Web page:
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How much longer until tipping point?

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  During the election campaign in 2009, President Jacob Zuma said on more than one occasion at election rallies, that the ANC will rule until Jesus comes. That assertion has recently re-surfaced, probably in response to the increasing realisation that the ANC is in trouble. Indeed, President Zuma himself said so in as many words last Thursday when he addressed the ANC Youth League elective (sorry, consultative!) conference in Soweto, so one must wonder precisely how long it will take for Jesus to come.

When he made the assertion in 2009, there is little doubt he meant the ANC will rule forever (as an aside, somebody ought to explain to President Zuma, that a monarch rules, whereas an elected government governs), which if you’re a Christian, should be mildly alarming, because according to the Book of Revelation (19:16), Christ will return to earth in order to cast out “The Beast”.

If President Zuma is suggesting that Jesus will not be coming back (ie the ANC will rule forever), then he may well have to answer to the elders of the Full Gospel Community Church at Ntuzuma in Kwa-Zulu-Natal, who ordained him as an honorary minister on Saturday May 5 2007.

What the president seems to forget, is that if his prediction is accurate, that the ANC will rule until Jesus comes, then he’d better hope that such advent is far into the future, because when Jesus returns, according to Revelations, it will be literally, the end of days, and the world as we know it, will cease to exist. The righteous will be saved, the sinners will die, and the ANC’s rule will come to an end. (Be careful what you wish for, President. Asserting a direct link between the tenure of the ANC and the second coming of the Lord, may well be far less desirable than you can imagine.)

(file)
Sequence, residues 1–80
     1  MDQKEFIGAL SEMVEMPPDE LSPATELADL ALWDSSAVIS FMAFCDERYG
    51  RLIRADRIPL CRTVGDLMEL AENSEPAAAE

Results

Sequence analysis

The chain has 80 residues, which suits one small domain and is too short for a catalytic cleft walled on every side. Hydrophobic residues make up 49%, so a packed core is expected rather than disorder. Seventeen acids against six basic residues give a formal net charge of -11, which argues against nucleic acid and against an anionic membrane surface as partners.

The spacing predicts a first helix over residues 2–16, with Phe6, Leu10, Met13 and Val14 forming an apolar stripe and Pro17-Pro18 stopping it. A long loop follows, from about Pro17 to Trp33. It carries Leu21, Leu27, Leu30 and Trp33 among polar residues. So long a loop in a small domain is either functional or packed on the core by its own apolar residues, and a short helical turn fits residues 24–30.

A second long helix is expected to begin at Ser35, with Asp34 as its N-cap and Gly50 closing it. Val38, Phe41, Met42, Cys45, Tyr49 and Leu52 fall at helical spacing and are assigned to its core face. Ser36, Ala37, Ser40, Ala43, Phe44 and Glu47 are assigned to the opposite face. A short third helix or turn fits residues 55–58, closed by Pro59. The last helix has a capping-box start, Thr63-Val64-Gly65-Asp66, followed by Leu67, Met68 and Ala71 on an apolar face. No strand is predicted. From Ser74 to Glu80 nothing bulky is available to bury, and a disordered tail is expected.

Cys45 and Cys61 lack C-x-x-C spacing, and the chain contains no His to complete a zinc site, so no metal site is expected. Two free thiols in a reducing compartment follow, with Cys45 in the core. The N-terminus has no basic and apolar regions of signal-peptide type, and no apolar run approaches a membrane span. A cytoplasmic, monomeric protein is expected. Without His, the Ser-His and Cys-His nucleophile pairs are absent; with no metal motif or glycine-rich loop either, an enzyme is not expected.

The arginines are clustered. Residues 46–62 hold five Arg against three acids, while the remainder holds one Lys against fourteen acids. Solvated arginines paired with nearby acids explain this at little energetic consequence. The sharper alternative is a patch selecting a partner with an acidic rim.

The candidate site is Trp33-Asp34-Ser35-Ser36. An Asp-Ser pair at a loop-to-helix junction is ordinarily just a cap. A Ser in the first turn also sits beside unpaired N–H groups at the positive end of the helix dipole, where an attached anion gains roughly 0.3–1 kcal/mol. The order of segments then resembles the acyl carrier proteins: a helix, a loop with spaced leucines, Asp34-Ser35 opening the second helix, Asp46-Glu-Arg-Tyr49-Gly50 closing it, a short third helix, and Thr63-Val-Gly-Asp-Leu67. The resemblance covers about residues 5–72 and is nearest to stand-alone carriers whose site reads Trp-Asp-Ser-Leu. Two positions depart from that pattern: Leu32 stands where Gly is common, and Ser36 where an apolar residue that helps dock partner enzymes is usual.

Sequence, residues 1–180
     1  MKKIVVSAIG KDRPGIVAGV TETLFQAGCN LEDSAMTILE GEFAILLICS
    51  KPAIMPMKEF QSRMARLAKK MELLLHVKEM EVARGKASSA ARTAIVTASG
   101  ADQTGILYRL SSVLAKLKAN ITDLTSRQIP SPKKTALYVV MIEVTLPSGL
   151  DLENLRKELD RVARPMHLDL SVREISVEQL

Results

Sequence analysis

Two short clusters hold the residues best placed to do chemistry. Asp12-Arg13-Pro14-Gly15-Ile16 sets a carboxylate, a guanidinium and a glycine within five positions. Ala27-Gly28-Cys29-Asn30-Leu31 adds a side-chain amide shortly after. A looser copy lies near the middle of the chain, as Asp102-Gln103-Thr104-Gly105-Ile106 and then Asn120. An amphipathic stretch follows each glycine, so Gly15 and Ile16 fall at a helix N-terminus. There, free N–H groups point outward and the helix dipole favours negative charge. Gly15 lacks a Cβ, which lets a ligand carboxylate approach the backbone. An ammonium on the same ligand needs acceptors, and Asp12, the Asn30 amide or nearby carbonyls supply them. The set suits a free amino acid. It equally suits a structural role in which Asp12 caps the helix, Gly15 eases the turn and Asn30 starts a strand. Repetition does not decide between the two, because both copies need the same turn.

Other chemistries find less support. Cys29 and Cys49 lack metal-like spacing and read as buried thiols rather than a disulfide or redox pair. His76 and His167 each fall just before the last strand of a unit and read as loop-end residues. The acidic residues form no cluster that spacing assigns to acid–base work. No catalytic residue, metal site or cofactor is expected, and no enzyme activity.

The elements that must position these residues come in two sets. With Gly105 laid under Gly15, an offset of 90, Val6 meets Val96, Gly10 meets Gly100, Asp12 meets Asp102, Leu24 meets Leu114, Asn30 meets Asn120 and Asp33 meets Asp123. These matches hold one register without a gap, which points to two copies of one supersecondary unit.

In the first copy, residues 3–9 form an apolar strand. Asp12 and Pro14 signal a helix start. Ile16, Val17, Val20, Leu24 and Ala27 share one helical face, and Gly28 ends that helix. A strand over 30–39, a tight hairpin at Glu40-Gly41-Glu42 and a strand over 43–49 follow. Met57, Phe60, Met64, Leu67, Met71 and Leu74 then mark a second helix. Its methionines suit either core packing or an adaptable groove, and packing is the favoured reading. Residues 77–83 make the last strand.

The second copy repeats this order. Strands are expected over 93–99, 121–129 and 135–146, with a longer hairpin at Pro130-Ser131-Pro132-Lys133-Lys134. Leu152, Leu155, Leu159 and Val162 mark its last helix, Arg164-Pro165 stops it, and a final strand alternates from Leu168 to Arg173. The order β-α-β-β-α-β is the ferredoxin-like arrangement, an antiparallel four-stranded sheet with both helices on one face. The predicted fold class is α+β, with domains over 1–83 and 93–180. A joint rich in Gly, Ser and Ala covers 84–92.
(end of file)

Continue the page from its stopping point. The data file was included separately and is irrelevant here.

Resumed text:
If on the other hand, his prediction is a load of old cobblers, which I am inclined to believe may well be the case, then the question remains, for how much longer will the ANC rule? If I had the answer to that question, I’d be the most sought after person in South African politics, which if one considers the state of our politics, is a highly dubious privilege.

Perhaps what is most telling, is the public acknowledgement by President Zuma that something is rotten in the state of Denmark, an utterly jaw-dropping admission for an ANC President. To what extent his machinations since Polokwane in December 2007 have contributed to the current state of the ANC, and by extension, the Tri-Partite Alliance, will be fiercely debated for years to come, but I’d suggest that it has not been inconsiderable.

For the past 10 years, give or take a few days, he has largely charted the course of the ANC, and the country, and the outcome is of course self-evident.

The frequently asked and generally unanswered question is, how on earth has he stayed in power for so long? How on earth does he manage to hold virtually the entire leadership of the ANC in complete thrall, the very leadership which, at the president’s behest in September 2008, “recalled” Thabo Mbeki after the Nicholson judgement (later overturned) found that he had improperly interfered with the NPA’s prosecution of Jacob Zuma for corruption?

What the hell terrifies the leadership of the ANC so much, that they are not prepared to put the good of the country ahead of protecting President Zuma? Could it have something to do with the time that he was head of the ANC’s intelligence directorate, known as Imbokodo – “the rock that crushes”, during the struggle years?

What does he know about the top leadership of the ANC from that time, that they might not want to have made public?

Before he became ANC president, and while he faced over 800 corruption charges related to the Strategic Defence Acquisition, he on more than one occasion said that if he went down, he would take many others with him. Charges were eventually withdrawn, on what later proved to be spurious grounds, but the DA is hellbent on having those charges reinstated. We can only hope, but what are the chances?

For how much longer must the rot, which Johann Rupert recently referred to as “going bust gradually” until the tipping point is reached and we “go bust suddenly”, continue, before right thinking people in the ANC take the action that is so sorely needed, and recall President Zuma?

Written by Norman McFarlane You are reading How much longer until tipping point? articles

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